Ash dieback: Suffolk MP Therese Coffey 'disappointed'

Trees affected by a suspected case of Ash Dieback

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The Suffolk Coastal MP has expressed disappointment that her constituents have been given "no advice" on what to do with ash trees on their land.

Conservative MP Therese Coffey asked the Commons whether there would be a felling or burning policy and "how that will be communicated".

Ministers confirmed that 100,000 trees had been destroyed to try to prevent the spread of the ash dieback disease.

A ban on the import of ash trees came into force on Monday.

Ms Coffey said: "My concern is that no advice has been given to local residents, but I'm starting to get emails of concern.

"While I don't want to rush the Forestry Commission into giving advice they might regret - I'm disappointed they've given no local briefing to people on what they can do to restrict the spread of disease."

The Chalara fraxinea fungus, which causes Chalara dieback - also known as ash dieback - has already killed 90% of ash trees in Denmark.

The disease was first spotted in the UK in February, at a nursery in Buckinghamshire.

It has now been found in the wider countryside in East Anglia, sparking concerns the disease has spread to mature trees.

Screen shot of Ashtag app Experts hope people will use the Ashtag app to track the disease

In reply to Ms Coffey, Environment Minister David Heath said: "I think we need to communicate very well with local people who have forestry interests and trees on their property as to what they should be looking for.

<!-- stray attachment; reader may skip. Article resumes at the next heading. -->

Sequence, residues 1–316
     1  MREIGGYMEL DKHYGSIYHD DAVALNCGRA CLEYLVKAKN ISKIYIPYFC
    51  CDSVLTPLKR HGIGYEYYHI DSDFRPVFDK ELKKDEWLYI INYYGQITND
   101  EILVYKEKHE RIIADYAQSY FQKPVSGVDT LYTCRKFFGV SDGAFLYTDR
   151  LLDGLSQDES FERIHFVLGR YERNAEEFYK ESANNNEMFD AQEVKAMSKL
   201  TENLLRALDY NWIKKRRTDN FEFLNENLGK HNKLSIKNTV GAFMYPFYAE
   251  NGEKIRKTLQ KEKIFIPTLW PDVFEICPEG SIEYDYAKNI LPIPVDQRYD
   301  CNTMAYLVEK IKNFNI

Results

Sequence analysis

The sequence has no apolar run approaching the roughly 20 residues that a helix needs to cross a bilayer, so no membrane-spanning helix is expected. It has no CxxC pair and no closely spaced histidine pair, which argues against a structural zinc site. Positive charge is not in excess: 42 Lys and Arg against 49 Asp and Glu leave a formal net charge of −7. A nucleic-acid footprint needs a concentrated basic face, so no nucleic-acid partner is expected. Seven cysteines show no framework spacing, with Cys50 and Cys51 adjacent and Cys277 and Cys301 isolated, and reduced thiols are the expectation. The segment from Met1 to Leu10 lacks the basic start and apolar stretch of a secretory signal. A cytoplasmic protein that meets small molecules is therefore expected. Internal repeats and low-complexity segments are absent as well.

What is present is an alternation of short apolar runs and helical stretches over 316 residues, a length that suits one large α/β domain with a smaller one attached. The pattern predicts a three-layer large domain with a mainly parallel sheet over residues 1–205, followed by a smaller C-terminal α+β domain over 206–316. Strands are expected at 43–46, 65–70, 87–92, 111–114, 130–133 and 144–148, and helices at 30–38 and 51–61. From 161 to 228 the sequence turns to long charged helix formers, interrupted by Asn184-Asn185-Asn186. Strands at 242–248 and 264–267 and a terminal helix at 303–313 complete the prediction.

"I'm not going to pre-empt the discussions which are taking place with the experts on the ground as to precisely what is the right action to take, but I can assure her that we will be applying all the resources we have to the problem."

To try to map the spread of the disease, the University of East Anglia (UEA) launched Ashtag on Monday.

The free smartphone app allows users to upload pictures and report possible sightings to a team which will pass any information to the Forestry Commission.

Toby Hammond from the UEA, said: "One of the biggest problems faced by forest conservationists is how to track the spread of the disease and act swiftly to reduce the impact of outbreaks.

"We hope that thousands of people, from school groups and nature lovers to dog walkers and farmers, will use the app help to spot and report any sightings of the ash dieback so the disease can be contained."

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